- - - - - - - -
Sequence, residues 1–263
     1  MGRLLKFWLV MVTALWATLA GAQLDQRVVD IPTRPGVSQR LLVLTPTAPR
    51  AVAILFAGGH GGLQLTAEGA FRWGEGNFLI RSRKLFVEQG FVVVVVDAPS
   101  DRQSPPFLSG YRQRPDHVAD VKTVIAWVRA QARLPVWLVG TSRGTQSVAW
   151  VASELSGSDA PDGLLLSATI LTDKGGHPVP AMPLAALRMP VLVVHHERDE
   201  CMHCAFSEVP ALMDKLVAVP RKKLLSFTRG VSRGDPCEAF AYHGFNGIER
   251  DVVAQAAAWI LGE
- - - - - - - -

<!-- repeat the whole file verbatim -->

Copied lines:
Sequence, residues 1–263
     1  MGRLLKFWLV MVTALWATLA GAQLDQRVVD IPTRPGVSQR LLVLTPTAPR
    51  AVAILFAGGH GGLQLTAEGA FRWGEGNFLI RSRKLFVEQG FVVVVVDAPS
   101  DRQSPPFLSG YRQRPDHVAD VKTVIAWVRA QARLPVWLVG TSRGTQSVAW
   151  VASELSGSDA PDGLLLSATI LTDKGGHPVP AMPLAALRMP VLVVHHERDE
   201  CMHCAFSEVP ALMDKLVAVP RKKLLSFTRG VSRGDPCEAF AYHGFNGIER
   251  DVVAQAAAWI LGE